Segre then apparently decided to do what’s called “spec work”. Without letting anyone know, he quietly got his hands on a standard-issue Type 1 and tore it down to its flat chassis platform. He then built a design study on it within six months, and surprised Wilhelm Karmann with the prototype in a private garage in Paris. It was quickly and quietly shipped to Karmann’s headquarters, where a small team of specialists calculated development and production costs. Once done, the prototype was presented to Volkswagen CEO Heinrich Nordhoff, who at last folded like a house of cards. He liked the appearance as well as the calculations, and agreed to invest in production of the little coupe. Presented at the International Auto show in 1955, orders began to roll in at a rate above VW’s (and Karmann’s) production capacity. First year sales: 11,500. That’s a lot for a slow, hand-built coupe. In contrast, the first-year (1953) Corvette sold 300 units, and 1954 saw 3,640, but by the end of that model year nearly 1/3 remained unsold due to horrifically bad quality problems. 1955 saw 700 units produced, mainly a throttling back by GM to try to get a handle on how to make fiberglass work as a production body material, plus a heap of infighting about whether to kill the Corvette off entirely. It didn’t cross 11,500 annual units until 1961. The first-year T-Bird (1955) blew them both out of the water with 16,000 units, though it was hardly hand-built.
Once the convertible version of the Karmann Ghia came out in 1957, orders for that version began to come in from North America despite zero advertising. They’d consumed 30,000 of them before the first ad campaign began in 1961. Though half the price of the Corvette, the good looking VW coupe wasn’t particularly cheap. Instead of the usual bolt-on fenders and welting, the Karmann Ghia’s body was welded together with the seams blended by hand with pewter. This technique was the same as that used for upscale European sports cars. Its advertising appeal was based on its build quality and good styling, plus the legendary reliability of the humble Beetle. It sold well until 1974, when VW replaced it with the more modern Scirocco.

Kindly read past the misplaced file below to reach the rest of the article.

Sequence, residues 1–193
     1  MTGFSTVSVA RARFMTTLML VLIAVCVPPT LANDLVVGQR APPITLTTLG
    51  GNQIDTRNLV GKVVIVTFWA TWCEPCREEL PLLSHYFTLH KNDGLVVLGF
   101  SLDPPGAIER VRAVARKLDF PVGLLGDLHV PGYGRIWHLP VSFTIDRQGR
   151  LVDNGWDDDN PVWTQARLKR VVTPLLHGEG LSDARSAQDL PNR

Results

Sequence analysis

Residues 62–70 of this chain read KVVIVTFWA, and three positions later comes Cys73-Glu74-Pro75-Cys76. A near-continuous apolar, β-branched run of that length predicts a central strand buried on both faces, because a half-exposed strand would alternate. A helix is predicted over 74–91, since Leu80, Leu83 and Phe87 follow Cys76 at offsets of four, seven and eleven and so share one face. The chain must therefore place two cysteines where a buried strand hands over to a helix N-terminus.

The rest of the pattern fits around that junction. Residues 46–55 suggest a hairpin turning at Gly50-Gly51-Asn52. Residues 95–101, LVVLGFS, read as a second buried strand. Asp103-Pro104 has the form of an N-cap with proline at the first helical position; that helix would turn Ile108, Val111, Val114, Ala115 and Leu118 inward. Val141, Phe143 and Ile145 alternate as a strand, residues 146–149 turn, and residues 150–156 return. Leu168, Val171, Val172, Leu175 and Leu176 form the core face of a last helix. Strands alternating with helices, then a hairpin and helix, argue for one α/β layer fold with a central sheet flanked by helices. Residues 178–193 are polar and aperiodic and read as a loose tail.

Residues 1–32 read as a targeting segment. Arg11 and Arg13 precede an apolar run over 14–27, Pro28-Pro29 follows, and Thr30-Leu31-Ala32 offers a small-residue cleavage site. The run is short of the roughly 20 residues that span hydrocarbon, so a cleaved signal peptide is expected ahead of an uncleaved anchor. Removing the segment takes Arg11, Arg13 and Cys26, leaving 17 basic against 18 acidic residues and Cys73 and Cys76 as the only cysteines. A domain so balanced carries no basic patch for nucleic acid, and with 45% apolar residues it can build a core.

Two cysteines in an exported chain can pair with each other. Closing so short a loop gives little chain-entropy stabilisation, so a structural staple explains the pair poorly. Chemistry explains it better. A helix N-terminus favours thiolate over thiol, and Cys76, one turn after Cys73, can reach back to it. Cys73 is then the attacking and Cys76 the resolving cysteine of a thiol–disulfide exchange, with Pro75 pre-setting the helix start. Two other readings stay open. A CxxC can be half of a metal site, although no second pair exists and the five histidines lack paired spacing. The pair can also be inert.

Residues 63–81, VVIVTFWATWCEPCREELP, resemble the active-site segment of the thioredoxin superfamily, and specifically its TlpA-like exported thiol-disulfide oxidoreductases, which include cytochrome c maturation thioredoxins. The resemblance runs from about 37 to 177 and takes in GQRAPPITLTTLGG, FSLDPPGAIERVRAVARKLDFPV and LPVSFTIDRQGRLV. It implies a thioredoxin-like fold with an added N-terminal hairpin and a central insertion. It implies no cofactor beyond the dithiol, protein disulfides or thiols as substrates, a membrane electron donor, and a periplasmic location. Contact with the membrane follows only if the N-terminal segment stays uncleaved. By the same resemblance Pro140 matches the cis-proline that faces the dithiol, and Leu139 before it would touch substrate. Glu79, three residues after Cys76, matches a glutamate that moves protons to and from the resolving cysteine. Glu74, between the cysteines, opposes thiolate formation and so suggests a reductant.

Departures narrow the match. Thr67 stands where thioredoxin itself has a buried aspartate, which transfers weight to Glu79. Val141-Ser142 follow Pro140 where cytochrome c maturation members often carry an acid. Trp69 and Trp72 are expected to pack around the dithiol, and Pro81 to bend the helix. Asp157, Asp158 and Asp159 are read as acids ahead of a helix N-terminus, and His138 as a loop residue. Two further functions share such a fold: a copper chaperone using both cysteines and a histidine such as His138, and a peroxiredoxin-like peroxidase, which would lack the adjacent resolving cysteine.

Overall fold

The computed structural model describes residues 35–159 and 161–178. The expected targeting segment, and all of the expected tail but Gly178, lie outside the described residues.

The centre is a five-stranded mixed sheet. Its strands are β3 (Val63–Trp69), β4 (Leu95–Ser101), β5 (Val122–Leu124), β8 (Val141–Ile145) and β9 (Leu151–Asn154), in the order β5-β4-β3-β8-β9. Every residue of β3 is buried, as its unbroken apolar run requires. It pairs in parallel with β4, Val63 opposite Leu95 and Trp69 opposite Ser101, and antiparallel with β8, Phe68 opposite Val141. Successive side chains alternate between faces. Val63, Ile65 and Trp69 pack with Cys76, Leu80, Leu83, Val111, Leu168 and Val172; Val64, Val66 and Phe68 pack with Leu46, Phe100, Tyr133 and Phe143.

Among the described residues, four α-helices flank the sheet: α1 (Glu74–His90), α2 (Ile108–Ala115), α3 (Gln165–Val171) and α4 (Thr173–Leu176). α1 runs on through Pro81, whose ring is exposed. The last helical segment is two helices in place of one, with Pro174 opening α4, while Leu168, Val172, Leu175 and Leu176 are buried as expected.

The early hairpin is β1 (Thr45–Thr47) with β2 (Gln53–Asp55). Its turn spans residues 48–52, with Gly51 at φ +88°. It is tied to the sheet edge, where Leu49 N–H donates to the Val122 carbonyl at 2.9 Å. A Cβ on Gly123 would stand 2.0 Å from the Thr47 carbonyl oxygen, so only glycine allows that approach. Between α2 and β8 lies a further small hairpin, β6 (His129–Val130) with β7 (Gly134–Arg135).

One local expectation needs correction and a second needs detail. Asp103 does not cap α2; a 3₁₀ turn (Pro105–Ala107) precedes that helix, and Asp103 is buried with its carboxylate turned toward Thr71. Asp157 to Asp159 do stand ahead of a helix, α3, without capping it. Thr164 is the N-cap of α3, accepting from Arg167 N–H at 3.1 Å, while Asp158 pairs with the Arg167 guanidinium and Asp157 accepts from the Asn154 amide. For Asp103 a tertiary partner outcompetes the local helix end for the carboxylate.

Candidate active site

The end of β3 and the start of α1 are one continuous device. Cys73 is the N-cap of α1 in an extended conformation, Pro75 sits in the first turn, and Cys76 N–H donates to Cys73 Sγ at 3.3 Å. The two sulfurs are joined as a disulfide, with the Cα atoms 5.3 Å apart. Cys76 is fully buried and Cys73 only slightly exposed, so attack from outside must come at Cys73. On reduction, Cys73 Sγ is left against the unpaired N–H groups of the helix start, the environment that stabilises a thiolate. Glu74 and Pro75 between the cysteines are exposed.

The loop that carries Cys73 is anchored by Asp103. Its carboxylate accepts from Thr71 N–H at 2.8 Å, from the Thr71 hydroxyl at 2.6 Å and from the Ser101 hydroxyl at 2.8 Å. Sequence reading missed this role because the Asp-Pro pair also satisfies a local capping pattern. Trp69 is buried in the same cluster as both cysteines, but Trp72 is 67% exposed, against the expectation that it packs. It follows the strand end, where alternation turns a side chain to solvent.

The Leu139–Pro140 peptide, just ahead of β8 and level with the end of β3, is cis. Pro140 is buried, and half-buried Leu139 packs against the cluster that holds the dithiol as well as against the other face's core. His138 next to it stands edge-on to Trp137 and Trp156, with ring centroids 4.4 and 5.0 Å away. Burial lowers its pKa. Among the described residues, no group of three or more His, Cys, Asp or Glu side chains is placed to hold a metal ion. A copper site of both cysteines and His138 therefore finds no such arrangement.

During its run, the Karmann Ghia received much praise and more awards for its design, and as an image-boosting flagship for VW, it worked. The Type 1 came to be accepted in the U.S. first as a kind of statement of rebellion against the “fins and tonnage” movement that Detroit was taking. The low cost, reliability and exceptional build quality of VW’s began to take its toll on Detroit – not so much in market share as mind share – and Detroit responded by 1960 with its own versions of economy cars. All but one resembled shrunken, stripped down big cars that never matched the Bug’s core competencies. In my view, the Karmann Ghia ceased being a flagship for VW once the Bug began to hit its stride. It was simply a pleasant and fun alternative for people who just couldn’t see themselves in an evolving 1936 sedan.